Mahmood cited foreign investors as often saying that they are delighted when a government says “yes” and they can move forward with investment plans. They are disappointed when it says “no” but the investors understand and can move on to other things.
But they are really irritated when they keep on saying “maybe.” This confuses them and throws them into uncertainty, according to the economist.
“Regulatory uncertainty is a major reason why many businesses do not make investment plans or do not fully implement plans that they have made. It also brought out the many manifestations of regulatory uncertainty, from the way laws and regulations are written to the way these are implemented in practice,” Mahmood told Dhaka Tribune.
“If local investors are discouraged by regulatory uncertainty, foreign investors will be even more so. After all, they have other places to go to. We should note that a significant portion of the FDI in a country typically comes from reinvestment by existing investors,” he further said.
Moreover, prospective investors talk to those who are already in a country, he said, adding: “If such investors have a negative experience to share, that will discourage others from considering investments.”
Abul Kashem Khan, chairperson of Business Initiative Leading Development (BUILD) Bangladesh, said: “Legal framework is the first thing investors look into, and it is crucial to ensure investor comfort in any legal proceedings they get entangled with.
All foreign investors face challenges, which can be dynamic as the local laws are from the British period, the tax code is complex, among many others, but the way of expediting it is what matters, he added.
“This speaks scores about foreign investor confidence and inability to ensure that will hinder our years of efforts in developing the ease of doing business,” the BUILD chairperson further said.
He added that investment arbitration and dispute resolution, as well as legal capacity enhancement, could safeguard investor confidence by resolving problems through a framework.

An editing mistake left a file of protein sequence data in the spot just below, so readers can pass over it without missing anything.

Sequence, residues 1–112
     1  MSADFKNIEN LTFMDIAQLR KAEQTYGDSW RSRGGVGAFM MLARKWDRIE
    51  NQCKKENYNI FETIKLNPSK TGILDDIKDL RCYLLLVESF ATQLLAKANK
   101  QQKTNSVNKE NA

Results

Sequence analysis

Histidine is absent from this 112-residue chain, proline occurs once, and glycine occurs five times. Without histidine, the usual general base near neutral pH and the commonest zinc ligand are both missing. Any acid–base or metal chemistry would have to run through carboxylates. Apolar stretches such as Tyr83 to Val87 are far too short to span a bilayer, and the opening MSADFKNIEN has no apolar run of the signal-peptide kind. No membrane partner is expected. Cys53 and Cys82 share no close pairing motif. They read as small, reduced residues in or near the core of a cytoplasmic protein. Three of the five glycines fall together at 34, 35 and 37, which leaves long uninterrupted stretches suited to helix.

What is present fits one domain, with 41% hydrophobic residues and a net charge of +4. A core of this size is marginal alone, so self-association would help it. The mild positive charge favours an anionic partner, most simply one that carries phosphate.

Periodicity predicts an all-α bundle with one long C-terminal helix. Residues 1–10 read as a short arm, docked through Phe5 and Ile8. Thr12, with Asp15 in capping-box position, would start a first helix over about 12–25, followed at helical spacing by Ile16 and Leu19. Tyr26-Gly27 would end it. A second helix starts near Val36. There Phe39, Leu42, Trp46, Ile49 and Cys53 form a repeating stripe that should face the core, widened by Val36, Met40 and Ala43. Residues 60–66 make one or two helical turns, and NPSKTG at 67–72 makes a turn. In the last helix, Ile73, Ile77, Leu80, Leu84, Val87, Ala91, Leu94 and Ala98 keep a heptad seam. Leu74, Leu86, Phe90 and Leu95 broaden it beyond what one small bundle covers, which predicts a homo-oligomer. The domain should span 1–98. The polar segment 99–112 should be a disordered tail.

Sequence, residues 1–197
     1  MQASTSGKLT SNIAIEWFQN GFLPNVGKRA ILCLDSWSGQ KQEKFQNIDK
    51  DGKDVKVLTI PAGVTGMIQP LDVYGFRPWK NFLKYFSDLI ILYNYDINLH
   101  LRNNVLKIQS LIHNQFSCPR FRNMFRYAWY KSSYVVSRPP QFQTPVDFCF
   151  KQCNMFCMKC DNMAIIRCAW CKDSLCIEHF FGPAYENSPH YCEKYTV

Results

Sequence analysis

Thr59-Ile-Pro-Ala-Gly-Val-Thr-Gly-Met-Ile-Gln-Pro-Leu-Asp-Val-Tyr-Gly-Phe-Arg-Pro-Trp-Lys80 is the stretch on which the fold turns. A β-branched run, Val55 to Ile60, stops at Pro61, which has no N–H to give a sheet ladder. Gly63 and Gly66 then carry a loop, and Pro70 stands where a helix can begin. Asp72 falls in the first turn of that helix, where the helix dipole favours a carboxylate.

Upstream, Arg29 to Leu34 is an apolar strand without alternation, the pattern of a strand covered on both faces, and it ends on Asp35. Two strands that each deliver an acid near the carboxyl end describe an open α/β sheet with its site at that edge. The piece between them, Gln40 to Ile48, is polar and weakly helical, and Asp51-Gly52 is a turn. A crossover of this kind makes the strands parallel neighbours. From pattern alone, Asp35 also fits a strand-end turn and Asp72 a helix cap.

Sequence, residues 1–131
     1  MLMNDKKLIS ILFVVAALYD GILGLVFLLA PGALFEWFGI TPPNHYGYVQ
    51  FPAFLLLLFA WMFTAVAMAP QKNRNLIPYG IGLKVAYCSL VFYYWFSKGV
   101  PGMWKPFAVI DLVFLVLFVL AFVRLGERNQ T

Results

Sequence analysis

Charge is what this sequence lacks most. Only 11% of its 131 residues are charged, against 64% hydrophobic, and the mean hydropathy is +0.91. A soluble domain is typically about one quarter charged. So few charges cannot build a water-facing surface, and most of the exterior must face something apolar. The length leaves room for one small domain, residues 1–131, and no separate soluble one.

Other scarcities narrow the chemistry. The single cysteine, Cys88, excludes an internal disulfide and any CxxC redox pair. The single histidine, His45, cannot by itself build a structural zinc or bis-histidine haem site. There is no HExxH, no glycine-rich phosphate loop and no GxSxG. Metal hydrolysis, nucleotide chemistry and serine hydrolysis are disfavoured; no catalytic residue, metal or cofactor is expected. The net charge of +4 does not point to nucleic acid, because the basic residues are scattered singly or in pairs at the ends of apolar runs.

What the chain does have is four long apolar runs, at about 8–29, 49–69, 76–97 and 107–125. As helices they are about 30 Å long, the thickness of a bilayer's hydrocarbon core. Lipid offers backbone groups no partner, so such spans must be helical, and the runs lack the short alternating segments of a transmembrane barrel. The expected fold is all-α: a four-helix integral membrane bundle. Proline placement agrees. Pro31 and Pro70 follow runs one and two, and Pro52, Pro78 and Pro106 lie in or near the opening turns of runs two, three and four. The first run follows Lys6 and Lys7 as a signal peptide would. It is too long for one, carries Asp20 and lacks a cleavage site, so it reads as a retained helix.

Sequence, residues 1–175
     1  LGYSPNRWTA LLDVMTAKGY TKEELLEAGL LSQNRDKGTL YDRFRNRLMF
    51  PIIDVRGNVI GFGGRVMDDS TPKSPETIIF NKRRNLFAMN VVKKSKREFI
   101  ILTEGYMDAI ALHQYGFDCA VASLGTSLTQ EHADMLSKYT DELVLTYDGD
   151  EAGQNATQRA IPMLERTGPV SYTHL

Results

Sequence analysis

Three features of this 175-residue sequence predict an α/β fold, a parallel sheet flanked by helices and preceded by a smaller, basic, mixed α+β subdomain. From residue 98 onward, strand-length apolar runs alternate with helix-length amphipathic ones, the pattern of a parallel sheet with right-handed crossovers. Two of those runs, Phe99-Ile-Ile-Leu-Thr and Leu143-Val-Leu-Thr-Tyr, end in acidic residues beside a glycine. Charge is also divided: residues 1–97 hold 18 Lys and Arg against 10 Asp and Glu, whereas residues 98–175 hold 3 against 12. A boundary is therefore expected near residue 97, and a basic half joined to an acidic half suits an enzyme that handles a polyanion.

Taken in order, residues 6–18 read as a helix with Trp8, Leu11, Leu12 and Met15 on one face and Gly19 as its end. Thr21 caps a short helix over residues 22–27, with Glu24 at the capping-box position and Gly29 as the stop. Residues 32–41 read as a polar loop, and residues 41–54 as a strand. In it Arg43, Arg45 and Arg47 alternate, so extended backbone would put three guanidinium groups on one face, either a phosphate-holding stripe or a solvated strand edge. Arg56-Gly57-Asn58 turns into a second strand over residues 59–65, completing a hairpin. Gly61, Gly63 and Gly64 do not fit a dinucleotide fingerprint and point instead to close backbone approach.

Asked about the potential impact on confidence of foreign investors, Bangladesh Investment Development Authority (BIDA) Executive Chairman Md Sirazul Islam said both foreign and local businesses have to abide by the law of the land.
“But if any foreign investment faces legal issues which do not proceed as per the legal framework, they will obviously be discouraged,” he added.
However, Islam refrained from commenting specifically on the case of Praava as he did not know if the actions taken against the organization were under the existing legal framework or unfair.
The FDI scenario in Bangladesh
Foreign Direct Investment (FDI) inflows to Bangladesh fell by 11% last year, according to the United Nations Conference on Trade and Development (UNCTAD).
This took FDI in the country to $2.56 billion in 2020 from $2.87 billion in 2019.
Mustafizur Rahman Khan, CEO of Startup Dhaka, said that despite improvements in ease of doing business and in attracting FDI, Bangladesh lags behind countries such as Indonesia and India in attracting start-up investments.
In a recent interview with Dhaka Tribune, Pathao President Fahim Ahmed said the investment landscape is still developing in Bangladesh.
“Over the last decade, we have seen about $350 million in capital flow into the tech and startup ecosystem in the country. However, we still have a long way to go, compared to our regional peers such as India and Indonesia,” he added.
According to the World Bank Ease of Doing Business Index, Bangladesh ranked 168th out of 190 countries last year.
Among South Asian countries, Bangladesh was ahead of only Afghanistan.